Don't get me wrong: no matter the near-term skepticism of some customers (and passengers), full vehicle autonomy is a matter of when, not if. But when won't be nearly as soon as some advocates are trumpeting. And it'll come in stages (again, remember, the links that follow are just from the last month's news!):
- Take, for example, the elderly. Short, repeated trips dominate their needs. They are no longer capable of driving themselves, due to degraded vision, reactions, etc. but they still yearn for independence.
- Or take industries where the profit motive is compelling the elimination of the human "pilot" from the equation. Taxis, for example; there's a reason why Lyft and Uber are both making big-time investments here. Or semi-trailer trucks, although as with taxis, labor unions are resisting the move big-time (in a malicious manner, some fear). Or ships, for both patrol and transport purposes. How about drones, both for defense and delivery? Gliders? Farm equipment? Forklifts, robotic carts and other autonomous devices in factories, warehouses and the like? Food and other product delivery services? The opportunities and possibilities are countless.
- Whether the concept will take off first in urban or rural environs is not entirely clear to me, although if I was a betting man I'd put my chips on the former. City routes tend to be shorter and better mapped out, but the higher density of other vehicles, pedestrians, bikes and motorcycles and the like also makes them more hazardous.
And even in the absence of full autonomy, vehicles have already made tremendous beneficial strides when it comes to ADAS (advanced driver assistance systems). SAE International Standard J3016 describes six levels of autonomy. Here they are, in summary form:
- 0: No Automation
- 1: Driver Assistance
- 2: Partial Automation
- 3: Conditional Automation
- 4: High Automation
- 5: Full Automation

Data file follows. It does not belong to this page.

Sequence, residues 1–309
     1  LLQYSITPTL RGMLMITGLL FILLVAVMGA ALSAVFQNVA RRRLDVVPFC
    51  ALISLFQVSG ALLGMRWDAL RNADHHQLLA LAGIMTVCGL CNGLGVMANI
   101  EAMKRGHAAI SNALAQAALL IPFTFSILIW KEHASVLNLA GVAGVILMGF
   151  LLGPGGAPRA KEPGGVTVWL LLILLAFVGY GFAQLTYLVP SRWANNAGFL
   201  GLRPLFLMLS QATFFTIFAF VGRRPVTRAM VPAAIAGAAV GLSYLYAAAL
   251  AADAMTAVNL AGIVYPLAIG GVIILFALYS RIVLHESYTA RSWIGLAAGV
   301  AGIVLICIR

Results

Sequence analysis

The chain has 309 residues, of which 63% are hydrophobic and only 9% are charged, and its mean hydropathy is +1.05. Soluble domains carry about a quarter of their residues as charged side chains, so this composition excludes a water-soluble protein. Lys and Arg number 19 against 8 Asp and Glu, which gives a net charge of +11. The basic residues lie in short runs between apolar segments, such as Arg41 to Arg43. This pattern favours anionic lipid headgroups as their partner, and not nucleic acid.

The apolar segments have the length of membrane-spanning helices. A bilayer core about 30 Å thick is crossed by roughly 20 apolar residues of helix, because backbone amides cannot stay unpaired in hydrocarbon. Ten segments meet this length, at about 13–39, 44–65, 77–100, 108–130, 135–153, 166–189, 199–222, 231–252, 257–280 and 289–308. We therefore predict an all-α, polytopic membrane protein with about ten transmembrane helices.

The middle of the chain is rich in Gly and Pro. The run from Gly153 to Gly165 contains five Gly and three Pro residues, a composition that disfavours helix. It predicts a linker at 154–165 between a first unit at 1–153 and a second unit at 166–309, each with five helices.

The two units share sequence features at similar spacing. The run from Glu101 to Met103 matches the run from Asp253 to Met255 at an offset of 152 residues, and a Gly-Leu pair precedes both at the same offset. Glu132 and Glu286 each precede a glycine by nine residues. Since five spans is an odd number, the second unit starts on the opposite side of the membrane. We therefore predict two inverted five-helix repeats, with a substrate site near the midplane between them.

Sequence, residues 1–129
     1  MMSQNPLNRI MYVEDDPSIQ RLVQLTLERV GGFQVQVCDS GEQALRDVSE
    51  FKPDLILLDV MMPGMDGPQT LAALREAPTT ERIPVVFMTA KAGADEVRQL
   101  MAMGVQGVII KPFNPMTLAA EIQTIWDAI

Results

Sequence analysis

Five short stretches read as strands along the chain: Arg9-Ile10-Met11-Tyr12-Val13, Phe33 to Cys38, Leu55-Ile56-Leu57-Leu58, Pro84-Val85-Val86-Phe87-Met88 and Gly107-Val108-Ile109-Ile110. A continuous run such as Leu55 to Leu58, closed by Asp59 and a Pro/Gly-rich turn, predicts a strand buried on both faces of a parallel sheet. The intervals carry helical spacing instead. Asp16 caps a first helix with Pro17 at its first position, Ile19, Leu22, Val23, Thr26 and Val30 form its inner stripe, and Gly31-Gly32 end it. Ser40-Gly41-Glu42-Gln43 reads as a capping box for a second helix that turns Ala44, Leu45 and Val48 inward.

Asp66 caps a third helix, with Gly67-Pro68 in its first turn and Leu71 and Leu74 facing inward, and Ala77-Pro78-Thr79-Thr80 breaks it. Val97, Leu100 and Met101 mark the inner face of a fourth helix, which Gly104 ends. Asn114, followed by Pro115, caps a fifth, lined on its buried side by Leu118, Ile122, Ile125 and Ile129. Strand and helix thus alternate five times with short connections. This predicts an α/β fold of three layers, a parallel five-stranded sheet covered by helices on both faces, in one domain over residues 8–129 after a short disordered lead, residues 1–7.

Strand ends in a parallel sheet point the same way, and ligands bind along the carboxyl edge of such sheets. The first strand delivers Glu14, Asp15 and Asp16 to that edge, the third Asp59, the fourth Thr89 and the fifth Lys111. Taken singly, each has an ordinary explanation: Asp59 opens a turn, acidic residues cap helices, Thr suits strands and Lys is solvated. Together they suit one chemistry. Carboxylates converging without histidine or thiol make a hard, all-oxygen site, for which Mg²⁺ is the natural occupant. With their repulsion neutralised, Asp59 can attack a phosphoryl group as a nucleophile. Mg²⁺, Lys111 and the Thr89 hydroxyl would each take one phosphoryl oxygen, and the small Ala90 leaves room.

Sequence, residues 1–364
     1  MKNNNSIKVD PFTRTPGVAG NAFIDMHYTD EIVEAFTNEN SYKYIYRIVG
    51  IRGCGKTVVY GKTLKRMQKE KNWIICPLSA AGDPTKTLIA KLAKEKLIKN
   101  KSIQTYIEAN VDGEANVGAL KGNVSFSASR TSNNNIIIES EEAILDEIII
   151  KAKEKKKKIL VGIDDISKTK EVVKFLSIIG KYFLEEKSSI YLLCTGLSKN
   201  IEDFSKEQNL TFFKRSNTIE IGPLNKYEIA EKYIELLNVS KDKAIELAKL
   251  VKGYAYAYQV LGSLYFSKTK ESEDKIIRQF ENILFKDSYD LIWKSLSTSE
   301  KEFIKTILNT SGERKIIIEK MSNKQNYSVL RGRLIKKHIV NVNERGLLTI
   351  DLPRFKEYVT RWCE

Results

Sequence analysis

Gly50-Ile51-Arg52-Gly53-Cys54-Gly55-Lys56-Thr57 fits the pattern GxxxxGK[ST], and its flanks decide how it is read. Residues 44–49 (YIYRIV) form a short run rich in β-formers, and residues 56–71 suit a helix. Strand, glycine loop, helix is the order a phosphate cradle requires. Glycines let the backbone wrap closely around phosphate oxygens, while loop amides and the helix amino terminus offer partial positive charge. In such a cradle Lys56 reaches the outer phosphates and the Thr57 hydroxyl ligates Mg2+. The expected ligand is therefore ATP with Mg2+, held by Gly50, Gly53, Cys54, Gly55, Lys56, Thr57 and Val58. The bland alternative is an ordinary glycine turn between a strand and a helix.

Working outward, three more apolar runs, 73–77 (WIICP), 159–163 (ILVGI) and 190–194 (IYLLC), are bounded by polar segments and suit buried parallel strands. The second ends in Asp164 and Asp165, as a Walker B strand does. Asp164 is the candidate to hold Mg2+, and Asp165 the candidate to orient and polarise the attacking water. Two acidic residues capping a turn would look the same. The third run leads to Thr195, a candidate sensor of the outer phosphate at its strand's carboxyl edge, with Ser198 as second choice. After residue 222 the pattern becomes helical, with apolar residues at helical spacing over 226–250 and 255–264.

Tesla's Autopilot system, for example, is generally considered to be a Level 2 system, although its manufacturer claims that latest-generation vehicles contain hardware capable of Level 5 full automation (software capability is a different story). The Level 1 ADAS that I'm talking about, and that's commonly found to varying degrees today even with mainstream and even some entry-level manufacturers and models, consists of features such as the following:
- Front and rear collision avoidance, which not only warns you of an impending impact but also if necessary overrides the brake and/or accelerator and steering to prevent a crash
- Lane departure warning, which alerts you when you're drifting into the lane next to you and, if there's something already there, also takes over to make evasive maneuvers
- Road sign monitoring, which alerts you to speed limit changes, upcoming construction and other warning notifications, and the like, and
- Driver monitoring, which warns you if you're dozing off, say, or you're spending too much time checking Facebook or Twitter on your smartphone instead of keeping your eyes on the road as you should.
Yeah, that last one's particularly creepy from a personal privacy standpoint, I admit. But just as with Apple's new FaceID biometrics-based login scheme, I suspect folks will quickly grow accustomed to it. And the first time your car shakes your steering wheel or seat to lift you out of your hot sun- or late night-induced slumber, you'll wonder how you ever drove without it.
Take a look, for example, at this promo video for Cadillac's upcoming CT6 with Super Cruise, scheduled to begin shipping this fall:
and this charming clip of a 97-year old experiencing a Tesla Model S for the first time:
And then sound off in the comments with your thoughts. Thanks as always in advance!
- Tesla backlash shows misunderstanding of reality
- Driver-aware ADAS – The next step towards autonomous vehicles
- ADAS takes greater control in 2015
- Tesla's Autopilot: setting expectations ... or not
- Automotive radar chipset bolsters ADAS appeal
- Devkit for vision-based ADAS
- Optimizing compilers for ADAS applications
—Brian Dipert is Editor-in-Chief of the Embedded Vision Alliance, and a Senior Analyst at BDTI and Editor-in-Chief of InsideDSP, the company's online newsletter.